In other words, there’s certainly a case to be made that the popular, front-running Biden of the moment could quickly transform into a less-popular, middle-of-the-pack Biden once Democratic voters contrast his track record with candidates who have embraced positions that are more in step with where the party is today.

Biden seems to embrace the idea of running as a moderate, bipartisan candidate, looking toward how he’ll be positioned for the general election. But he has to get there first.

Let’s say, though, that Biden does lock down about 15 percent of the party as he competes against 10 to 15 other Democrats. Is that enough to win?

Maybe not. It could certainly be the case that the 2020 Democratic field quickly separates out into a handful of front-runners, all of whom have a decent chunk of the electorate in their pockets, and a crowd of candidates further back. The Trump path to the nomination worked for Trump, but, as with so many other things, it may have been specific to Trump.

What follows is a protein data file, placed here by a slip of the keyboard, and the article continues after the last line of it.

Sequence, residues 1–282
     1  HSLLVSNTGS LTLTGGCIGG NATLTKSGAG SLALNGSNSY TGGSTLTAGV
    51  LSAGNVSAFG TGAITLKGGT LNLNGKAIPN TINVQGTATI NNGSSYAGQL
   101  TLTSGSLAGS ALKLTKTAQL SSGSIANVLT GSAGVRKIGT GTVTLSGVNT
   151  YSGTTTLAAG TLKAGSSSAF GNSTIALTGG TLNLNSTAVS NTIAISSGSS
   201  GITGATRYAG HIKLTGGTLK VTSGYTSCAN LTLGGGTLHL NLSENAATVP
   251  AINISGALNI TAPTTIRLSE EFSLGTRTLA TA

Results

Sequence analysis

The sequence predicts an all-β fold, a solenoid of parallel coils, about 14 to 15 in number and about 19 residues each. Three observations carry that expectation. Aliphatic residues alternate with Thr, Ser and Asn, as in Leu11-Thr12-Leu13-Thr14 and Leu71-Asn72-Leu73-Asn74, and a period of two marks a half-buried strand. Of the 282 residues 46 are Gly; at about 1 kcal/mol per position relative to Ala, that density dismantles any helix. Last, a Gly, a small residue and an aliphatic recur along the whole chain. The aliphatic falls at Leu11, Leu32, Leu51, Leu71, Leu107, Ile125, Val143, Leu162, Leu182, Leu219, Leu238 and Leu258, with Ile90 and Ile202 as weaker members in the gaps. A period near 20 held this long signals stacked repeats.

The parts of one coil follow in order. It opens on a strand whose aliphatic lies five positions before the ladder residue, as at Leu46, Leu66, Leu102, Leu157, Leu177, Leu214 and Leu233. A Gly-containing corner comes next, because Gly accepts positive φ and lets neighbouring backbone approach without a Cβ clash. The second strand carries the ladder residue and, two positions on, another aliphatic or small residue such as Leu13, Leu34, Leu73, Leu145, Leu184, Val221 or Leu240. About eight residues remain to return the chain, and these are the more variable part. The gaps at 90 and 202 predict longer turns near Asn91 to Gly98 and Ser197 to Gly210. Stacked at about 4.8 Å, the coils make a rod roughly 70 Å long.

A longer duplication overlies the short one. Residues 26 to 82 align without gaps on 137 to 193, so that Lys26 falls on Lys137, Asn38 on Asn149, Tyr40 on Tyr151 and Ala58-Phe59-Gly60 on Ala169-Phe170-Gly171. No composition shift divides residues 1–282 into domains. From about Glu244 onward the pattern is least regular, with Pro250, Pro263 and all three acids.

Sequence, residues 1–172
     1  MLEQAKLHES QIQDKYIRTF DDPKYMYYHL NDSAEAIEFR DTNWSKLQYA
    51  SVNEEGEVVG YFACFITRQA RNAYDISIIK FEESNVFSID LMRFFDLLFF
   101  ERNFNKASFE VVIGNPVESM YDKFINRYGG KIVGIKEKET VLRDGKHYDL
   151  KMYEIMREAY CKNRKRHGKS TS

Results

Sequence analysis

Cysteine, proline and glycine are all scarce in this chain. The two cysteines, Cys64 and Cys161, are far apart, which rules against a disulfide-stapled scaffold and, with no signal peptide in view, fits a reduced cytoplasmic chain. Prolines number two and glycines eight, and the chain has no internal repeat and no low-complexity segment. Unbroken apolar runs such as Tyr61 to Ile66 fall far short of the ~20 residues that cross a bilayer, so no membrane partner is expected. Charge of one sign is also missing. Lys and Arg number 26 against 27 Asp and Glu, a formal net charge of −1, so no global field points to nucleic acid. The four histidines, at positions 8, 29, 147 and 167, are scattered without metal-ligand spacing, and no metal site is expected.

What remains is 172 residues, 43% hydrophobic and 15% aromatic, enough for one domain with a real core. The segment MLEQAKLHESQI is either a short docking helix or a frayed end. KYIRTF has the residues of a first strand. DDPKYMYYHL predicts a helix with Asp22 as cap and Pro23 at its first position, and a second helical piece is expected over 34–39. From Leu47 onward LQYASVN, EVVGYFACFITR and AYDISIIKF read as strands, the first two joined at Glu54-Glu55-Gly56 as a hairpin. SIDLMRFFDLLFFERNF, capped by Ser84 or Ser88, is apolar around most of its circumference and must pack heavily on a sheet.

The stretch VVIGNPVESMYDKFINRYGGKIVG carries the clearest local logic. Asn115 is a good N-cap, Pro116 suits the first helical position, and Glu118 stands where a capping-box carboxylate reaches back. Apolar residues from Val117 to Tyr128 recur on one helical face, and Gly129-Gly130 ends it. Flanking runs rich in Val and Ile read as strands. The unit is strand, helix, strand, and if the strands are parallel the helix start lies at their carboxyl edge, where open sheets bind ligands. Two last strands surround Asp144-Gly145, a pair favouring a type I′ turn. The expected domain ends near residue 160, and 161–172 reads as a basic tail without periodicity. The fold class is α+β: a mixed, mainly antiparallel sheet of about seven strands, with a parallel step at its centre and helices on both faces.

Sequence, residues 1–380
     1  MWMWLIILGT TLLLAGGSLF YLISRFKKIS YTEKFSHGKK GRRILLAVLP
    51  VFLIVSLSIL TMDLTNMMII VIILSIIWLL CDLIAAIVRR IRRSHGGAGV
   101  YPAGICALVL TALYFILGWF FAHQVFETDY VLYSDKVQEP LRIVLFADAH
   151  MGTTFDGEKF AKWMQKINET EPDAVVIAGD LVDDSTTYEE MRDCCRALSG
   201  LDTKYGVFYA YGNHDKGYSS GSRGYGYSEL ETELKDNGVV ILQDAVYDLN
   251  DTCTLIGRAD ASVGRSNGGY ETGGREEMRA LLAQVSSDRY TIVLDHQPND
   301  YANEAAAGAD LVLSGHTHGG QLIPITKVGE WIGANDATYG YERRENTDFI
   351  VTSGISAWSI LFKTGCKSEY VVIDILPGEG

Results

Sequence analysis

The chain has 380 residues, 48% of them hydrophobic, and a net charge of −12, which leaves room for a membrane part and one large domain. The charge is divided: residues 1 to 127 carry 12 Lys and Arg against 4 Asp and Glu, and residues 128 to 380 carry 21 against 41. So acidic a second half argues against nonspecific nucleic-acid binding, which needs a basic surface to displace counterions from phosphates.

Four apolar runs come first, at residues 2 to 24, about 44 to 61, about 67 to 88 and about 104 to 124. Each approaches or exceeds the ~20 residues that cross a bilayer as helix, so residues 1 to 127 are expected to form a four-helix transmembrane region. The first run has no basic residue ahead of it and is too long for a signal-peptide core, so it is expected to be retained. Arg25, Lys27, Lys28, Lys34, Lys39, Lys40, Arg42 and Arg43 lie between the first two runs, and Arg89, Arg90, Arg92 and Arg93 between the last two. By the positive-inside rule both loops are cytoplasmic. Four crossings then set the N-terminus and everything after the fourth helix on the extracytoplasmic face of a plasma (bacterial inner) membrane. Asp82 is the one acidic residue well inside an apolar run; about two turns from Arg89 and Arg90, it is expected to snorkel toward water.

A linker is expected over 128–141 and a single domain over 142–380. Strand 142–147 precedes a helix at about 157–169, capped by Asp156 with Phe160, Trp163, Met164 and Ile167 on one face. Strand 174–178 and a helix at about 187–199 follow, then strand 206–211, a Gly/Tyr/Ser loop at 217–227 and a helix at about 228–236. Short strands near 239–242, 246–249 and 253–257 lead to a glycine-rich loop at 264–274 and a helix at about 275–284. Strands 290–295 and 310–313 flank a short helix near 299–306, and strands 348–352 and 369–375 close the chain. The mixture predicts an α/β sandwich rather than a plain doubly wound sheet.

Biden does have that popularity, though, which Trump certainly didn’t. It’s hard to argue with Gallup putting your favorability that high, including among Republicans.

What Gallup also noticed, though, is that Biden’s favorability had slipped a bit. That happens: When Hillary Clinton left her position at the State Department, her approval dropped from a 2012 high of 66 percent. Even 40 percent of Republicans viewed her positively then.

By early 2015 as she prepared to run for the presidency, her favorability among Democrats was still high, at 79 percent. That was almost exactly four years ago. At the time, Clinton was up by 53 points over Sanders.

It didn’t last.